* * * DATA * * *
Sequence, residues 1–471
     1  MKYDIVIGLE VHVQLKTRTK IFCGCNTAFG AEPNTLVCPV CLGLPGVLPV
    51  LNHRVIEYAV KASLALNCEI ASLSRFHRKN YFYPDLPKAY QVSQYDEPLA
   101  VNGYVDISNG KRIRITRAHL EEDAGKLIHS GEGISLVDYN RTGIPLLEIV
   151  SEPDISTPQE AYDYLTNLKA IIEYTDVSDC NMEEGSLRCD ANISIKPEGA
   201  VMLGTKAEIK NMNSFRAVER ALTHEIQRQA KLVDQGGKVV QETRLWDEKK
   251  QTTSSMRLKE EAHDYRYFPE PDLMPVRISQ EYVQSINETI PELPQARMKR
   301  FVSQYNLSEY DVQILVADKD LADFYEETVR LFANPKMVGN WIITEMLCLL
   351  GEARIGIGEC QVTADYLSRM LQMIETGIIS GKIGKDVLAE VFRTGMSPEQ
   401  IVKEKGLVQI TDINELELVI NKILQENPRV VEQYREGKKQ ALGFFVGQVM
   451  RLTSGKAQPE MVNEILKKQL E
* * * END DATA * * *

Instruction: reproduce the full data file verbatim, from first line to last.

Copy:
Sequence, residues 1–471
     1  MKYDIVIGLE VHVQLKTRTK IFCGCNTAFG AEPNTLVCPV CLGLPGVLPV
    51  LNHRVIEYAV KASLALNCEI ASLSRFHRKN YFYPDLPKAY QVSQYDEPLA
   101  VNGYVDISNG KRIRITRAHL EEDAGKLIHS GEGISLVDYN RTGIPLLEIV
   151  SEPDISTPQE AYDYLTNLKA IIEYTDVSDC NMEEGSLRCD ANISIKPEGA
   201  VMLGTKAEIK NMNSFRAVER ALTHEIQRQA KLVDQGGKVV QETRLWDEKK
   251  QTTSSMRLKE EAHDYRYFPE PDLMPVRISQ EYVQSINETI PELPQARMKR
   301  FVSQYNLSEY DVQILVADKD LADFYEETVR LFANPKMVGN WIITEMLCLL
   351  GEARIGIGEC QVTADYLSRM LQMIETGIIS GKIGKDVLAE VFRTGMSPEQ
   401  IVKEKGLVQI TDINELELVI NKILQENPRV VEQYREGKKQ ALGFFVGQVM
   451  RLTSGKAQPE MVNEILKKQL E